The player, David Saab, appeared in court last week, and will be going back in May. Sounds like at least one of the others arrested is a poker player, too, part of the so-called “Saab Squad” of Australian players of which Saab is the best known.
Saab has had a few notable results over the last few years, his biggest cashes both coming in 2008. That’s the year he won an Asian Poker Tour event in Manila for $280,000, then finished 46th in the World Series of Poker Main Event where he earned $135,100.
I remember Saab quite well from that 2008 WSOP ME, both for his boisterous personality and for the blue Superman t-shirt he wore. When I heard the story of his arrest last week, I thought specifically of two hands I saw him play during his Main Event run that year.
One of the hands came on Day 4 when there were perhaps 250 players left in the event. Saab was way up there, among the leaders with 1.8 million chips. Jason Su, who was also sitting very comfortably with about 1.2 million, opened with a raise from the cutoff, and Saab three-bet from the button. The blinds got out, Su reraised, Saab unhesitatingly shoved all in, and Su just as quickly called.
The blinds were just 4,000/8,000 at the time, meaning the players had committed around 150 big blinds each, with Su putting his tourney life at risk. As it happened, both had A-K and ended up splitting the pot.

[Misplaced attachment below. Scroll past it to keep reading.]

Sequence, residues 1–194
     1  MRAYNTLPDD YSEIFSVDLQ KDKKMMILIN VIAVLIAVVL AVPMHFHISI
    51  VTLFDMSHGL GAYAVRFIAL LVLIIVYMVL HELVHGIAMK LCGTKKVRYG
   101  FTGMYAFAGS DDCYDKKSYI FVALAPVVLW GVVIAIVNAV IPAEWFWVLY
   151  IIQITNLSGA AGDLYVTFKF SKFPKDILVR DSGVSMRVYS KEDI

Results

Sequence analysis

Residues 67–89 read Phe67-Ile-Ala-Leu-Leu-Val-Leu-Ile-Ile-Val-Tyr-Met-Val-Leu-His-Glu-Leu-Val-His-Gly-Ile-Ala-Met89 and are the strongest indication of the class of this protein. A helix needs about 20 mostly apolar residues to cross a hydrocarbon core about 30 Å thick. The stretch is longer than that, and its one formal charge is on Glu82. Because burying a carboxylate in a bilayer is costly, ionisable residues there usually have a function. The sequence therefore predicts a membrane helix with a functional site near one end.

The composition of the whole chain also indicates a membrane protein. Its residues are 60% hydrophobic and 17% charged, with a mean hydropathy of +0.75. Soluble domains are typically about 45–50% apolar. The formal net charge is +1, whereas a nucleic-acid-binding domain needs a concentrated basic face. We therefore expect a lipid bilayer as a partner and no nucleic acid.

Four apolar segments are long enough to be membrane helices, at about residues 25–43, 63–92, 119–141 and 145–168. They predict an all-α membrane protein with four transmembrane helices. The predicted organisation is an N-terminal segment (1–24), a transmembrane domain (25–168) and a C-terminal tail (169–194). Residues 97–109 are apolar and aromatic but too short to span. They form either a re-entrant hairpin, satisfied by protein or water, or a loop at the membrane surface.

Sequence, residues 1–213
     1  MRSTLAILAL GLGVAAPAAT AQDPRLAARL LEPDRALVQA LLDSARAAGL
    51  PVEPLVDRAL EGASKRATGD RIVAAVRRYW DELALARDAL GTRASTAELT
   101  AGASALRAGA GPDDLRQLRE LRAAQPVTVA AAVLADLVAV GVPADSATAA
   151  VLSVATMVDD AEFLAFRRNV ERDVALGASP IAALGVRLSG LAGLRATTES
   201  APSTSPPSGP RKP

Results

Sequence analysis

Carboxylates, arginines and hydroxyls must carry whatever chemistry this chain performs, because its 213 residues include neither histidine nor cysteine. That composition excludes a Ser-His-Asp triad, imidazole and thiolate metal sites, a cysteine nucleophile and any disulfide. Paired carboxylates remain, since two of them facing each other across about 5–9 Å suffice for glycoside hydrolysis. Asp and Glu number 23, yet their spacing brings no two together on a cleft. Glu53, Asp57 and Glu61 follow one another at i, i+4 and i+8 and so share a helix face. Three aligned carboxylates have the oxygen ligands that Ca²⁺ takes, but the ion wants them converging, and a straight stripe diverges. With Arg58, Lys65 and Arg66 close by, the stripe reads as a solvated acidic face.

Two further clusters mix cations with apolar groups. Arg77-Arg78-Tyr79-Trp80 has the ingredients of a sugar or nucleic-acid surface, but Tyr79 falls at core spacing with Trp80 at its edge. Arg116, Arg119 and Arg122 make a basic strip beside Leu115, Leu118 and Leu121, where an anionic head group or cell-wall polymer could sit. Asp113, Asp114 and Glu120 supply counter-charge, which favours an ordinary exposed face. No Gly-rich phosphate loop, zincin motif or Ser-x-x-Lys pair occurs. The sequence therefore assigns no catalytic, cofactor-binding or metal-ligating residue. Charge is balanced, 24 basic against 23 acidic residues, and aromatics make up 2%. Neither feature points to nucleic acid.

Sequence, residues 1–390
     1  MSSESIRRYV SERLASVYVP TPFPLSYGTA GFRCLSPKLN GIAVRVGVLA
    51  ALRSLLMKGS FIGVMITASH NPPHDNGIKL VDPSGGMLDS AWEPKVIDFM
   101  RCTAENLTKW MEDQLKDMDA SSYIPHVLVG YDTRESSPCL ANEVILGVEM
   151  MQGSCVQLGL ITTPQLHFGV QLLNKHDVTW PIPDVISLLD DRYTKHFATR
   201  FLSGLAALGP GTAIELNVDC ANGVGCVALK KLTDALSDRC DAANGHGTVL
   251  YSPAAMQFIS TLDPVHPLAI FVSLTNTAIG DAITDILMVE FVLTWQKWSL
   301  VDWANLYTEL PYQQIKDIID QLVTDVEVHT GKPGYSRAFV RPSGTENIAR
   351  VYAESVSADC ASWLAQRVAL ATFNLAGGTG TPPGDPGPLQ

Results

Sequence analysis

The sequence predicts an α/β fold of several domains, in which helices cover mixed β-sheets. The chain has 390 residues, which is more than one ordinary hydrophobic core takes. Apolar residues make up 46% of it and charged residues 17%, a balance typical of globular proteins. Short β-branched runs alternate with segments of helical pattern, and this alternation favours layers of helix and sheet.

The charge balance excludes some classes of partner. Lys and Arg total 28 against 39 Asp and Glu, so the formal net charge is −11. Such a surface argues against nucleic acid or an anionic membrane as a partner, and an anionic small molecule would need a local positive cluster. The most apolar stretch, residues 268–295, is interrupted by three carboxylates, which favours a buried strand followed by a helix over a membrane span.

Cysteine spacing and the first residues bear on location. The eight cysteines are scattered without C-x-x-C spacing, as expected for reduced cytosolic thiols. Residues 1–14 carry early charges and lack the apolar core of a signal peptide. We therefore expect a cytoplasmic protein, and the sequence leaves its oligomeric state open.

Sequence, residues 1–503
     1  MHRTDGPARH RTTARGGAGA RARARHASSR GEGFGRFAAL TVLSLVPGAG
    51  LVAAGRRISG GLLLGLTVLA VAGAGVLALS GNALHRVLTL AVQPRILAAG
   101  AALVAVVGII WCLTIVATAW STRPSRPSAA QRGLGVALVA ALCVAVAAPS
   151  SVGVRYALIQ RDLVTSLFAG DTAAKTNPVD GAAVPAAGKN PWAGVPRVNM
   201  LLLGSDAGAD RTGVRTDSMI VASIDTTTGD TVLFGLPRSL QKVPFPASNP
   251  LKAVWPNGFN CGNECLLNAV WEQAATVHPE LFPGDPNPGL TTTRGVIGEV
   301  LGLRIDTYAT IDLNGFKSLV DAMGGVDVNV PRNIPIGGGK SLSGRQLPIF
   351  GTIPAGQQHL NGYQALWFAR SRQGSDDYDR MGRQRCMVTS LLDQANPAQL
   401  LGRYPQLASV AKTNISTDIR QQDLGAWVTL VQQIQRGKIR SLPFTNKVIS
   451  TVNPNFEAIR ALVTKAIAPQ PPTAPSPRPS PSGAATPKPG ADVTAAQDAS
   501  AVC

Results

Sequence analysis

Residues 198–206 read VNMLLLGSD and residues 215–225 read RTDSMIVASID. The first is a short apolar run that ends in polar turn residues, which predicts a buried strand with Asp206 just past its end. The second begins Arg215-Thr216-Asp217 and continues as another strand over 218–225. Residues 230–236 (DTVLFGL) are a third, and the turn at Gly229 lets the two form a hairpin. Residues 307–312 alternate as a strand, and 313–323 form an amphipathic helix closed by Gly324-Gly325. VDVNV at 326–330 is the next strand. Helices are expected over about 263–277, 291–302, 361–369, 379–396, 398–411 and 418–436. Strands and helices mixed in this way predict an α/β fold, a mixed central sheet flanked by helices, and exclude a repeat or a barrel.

I remember Saab being utterly unfazed throughout. Su had on the hand, while Saab’s cards were unsuited. “Hey, I can make a flush two ways!” he cracked before the community cards were dealt. I also remember him yelling out something -- after the hand concluded, I think -- about having to be willing to gamble to win.
The other hand I remember involving Saab came from Day 5 when the field had shrunk to 150 or so. This one began with Phil Hellmuth (who’d go on to finish 45th that year, one spot ahead of Saab) limping from under the gun. Saab raised from the cutoff, the button called, and Hellmuth called as well.
The flop came , and all three players checked. The turn brought the , pairing the board. This time Hellmuth fired a pot-sized bet. Saab quickly called, and the third player got out.
The river was the . The Poker Brat checked. Saab, again acting without any delay, pushed out a decent-sized bet, about two-thirds of the pot. Hellmuth let it go, and a grinning Saab showed as he collected the chips.
As you might imagine, Hellmuth was Not Amused.
A lengthy tirade followed which included the 11-time bracelet winner characterizing all of his opponents as “these idiots.” In my post on the hand -- titled “Believe It, Phil” -- I couldn’t resist referring to Jack Buck’s memorable call of Kirk Gibson’s Game 1 homer in the 1988 World Series when reporting Hellmuth’s post-hand declaration: “I can’t believe what I just saw.”
That post also refers to Saab calling himself “the luckiest player” and claiming that he was color blind, the latter a not-necessarily-serious suggestion that he was perhaps not fully aware of what the chips were worth.
Saab clearly had his opponents on their heels that day, his seemingly fearless play (combined with some good fortune, one imagines) certainly helping him make that deep run.
It appears, however, such a willingness to gamble might’ve caught up with Saab. Will be curious to see what happens when this one reaches the showdown -- most specifically whether or not Superman will be able to avoid being sent up the river.